Yahoo's announcement in March 2008 that it intends to introduce a different method of search—such that Yahoo! will pull microformatted data out of a page and deliver it on Yahoo's results instead of passing the searcher through to the target page—should send a shiver through the minds of SEO experts and content producers alike. Let me explain it again: Imagine search results that don't encourage users to land on your web site but instead serve them answers at the search results page. Sweating yet?
From a user's perspective, this is much more useful in certain situations. In the Blogspotting article, Stephen Baker uses the example of someone looking for restaurant info. Instead of getting links to all kinds of pages where the info is housed, you'll get a simple, easy-to-read, useful collection of data that should help you get what you need.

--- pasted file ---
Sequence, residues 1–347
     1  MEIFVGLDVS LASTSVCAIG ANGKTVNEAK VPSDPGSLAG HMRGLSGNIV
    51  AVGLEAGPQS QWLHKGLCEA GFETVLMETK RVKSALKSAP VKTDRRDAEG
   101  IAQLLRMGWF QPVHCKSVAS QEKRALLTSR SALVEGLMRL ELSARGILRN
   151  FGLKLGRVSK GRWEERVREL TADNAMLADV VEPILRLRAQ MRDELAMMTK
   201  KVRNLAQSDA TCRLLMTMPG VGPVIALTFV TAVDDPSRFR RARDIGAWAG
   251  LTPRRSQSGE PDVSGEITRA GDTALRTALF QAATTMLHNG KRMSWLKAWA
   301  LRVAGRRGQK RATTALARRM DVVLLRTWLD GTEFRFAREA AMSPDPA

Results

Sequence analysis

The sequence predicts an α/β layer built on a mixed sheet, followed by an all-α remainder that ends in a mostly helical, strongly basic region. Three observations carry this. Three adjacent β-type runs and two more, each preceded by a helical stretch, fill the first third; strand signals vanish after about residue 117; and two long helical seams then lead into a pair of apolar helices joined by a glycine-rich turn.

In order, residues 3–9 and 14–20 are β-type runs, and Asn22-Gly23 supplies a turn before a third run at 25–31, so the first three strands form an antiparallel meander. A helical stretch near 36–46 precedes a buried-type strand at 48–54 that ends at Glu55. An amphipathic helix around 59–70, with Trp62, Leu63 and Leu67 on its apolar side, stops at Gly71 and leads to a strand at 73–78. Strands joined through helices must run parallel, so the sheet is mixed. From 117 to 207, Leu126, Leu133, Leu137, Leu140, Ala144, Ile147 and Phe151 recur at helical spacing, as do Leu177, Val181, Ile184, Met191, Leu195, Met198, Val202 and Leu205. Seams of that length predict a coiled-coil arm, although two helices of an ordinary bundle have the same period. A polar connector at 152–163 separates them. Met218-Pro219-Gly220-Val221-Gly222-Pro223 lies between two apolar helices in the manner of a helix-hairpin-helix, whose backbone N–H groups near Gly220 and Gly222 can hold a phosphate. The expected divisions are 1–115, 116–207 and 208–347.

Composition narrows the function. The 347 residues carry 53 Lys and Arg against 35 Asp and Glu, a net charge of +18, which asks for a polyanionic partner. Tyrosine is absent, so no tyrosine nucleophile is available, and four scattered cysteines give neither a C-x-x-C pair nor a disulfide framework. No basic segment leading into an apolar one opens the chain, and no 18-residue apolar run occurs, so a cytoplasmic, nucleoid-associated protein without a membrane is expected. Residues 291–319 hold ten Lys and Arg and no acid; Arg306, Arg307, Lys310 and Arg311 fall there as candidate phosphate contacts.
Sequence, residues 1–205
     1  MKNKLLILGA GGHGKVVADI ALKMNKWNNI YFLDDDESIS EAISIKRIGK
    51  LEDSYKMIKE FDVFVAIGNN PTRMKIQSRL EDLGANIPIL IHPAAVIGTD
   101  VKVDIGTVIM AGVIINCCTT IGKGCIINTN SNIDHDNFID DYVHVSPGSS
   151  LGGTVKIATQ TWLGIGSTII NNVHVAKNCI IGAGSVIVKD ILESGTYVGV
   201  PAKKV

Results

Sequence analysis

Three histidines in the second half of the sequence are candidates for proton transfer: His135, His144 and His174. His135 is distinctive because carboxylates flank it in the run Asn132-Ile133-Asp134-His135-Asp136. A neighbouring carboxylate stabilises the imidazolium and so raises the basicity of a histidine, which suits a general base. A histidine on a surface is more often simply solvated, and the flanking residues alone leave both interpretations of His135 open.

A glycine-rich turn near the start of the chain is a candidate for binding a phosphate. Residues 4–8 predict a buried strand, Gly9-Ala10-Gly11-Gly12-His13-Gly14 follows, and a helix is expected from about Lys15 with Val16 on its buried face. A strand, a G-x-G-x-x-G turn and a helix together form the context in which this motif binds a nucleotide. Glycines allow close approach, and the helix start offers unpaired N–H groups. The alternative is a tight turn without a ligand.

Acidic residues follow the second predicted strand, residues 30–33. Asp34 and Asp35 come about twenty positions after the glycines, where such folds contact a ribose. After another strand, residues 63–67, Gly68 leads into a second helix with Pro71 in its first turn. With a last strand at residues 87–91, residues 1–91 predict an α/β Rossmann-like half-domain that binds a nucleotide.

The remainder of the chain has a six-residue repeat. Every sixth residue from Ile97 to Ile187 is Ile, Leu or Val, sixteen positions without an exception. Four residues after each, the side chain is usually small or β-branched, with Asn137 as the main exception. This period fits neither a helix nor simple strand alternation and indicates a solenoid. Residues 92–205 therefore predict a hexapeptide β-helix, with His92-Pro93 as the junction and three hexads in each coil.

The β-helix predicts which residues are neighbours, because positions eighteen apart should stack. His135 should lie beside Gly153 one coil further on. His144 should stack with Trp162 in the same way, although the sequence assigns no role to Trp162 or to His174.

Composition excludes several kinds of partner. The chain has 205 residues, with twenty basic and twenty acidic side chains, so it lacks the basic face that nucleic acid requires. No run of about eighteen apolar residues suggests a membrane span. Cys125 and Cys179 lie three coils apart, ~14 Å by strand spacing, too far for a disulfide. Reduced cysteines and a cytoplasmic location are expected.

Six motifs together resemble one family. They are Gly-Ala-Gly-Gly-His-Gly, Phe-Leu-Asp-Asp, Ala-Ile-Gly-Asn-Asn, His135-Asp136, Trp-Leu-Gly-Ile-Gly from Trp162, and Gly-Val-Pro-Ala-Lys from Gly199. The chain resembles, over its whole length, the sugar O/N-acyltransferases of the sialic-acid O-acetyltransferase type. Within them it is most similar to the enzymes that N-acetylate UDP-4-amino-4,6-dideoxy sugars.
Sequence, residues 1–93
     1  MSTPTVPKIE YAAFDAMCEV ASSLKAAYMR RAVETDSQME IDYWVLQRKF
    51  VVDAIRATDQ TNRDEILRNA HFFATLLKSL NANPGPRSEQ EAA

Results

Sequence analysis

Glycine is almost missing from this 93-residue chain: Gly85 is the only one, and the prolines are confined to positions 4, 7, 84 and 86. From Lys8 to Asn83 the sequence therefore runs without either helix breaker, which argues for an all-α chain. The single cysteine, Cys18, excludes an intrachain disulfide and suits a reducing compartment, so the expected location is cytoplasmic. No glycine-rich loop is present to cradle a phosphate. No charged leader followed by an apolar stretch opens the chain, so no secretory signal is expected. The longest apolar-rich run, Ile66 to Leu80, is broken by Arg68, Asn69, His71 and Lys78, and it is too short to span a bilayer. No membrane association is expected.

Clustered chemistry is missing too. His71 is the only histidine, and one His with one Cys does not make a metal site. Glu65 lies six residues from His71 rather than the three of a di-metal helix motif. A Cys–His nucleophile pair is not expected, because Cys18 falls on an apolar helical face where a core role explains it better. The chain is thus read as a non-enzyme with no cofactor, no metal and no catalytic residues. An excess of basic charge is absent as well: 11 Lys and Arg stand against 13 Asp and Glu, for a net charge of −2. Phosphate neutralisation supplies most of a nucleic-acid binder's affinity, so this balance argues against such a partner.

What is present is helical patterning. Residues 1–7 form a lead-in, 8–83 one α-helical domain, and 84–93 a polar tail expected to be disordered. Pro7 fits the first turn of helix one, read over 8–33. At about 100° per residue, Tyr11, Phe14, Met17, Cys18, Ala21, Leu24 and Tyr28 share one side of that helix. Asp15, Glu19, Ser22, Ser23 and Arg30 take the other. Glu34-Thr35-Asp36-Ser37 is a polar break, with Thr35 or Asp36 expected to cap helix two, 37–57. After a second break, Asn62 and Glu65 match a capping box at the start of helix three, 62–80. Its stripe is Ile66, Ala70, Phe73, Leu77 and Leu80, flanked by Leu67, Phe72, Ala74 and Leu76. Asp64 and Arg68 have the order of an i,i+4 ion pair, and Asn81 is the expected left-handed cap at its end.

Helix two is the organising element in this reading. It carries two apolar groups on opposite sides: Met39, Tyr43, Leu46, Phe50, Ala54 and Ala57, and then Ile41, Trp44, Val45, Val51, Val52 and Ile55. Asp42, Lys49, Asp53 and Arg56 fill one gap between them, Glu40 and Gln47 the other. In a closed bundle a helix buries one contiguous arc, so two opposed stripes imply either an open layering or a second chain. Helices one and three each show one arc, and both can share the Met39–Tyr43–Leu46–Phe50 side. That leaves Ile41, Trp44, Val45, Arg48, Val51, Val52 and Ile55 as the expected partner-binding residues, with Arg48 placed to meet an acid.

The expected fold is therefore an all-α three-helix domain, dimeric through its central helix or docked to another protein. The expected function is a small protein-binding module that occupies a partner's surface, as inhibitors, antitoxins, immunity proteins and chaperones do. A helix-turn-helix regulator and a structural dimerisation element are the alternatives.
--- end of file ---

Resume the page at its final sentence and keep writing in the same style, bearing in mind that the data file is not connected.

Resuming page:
From a content producer's perspective, this requires you to make a lot of changes to your perception of what matters, especially if you believe the value of your content is the site that houses it.
If someone is seeking how-to videos on playing the cello, and you have a cello podcast (e.g.,
www.cellojourney.com) relying on a wraparound of Google AdSense for bandwidth and beer money, your video might now have legs to land on a search results page sans advertising. In cases where you've built ads and affiliate programs all over your site, a search like the ...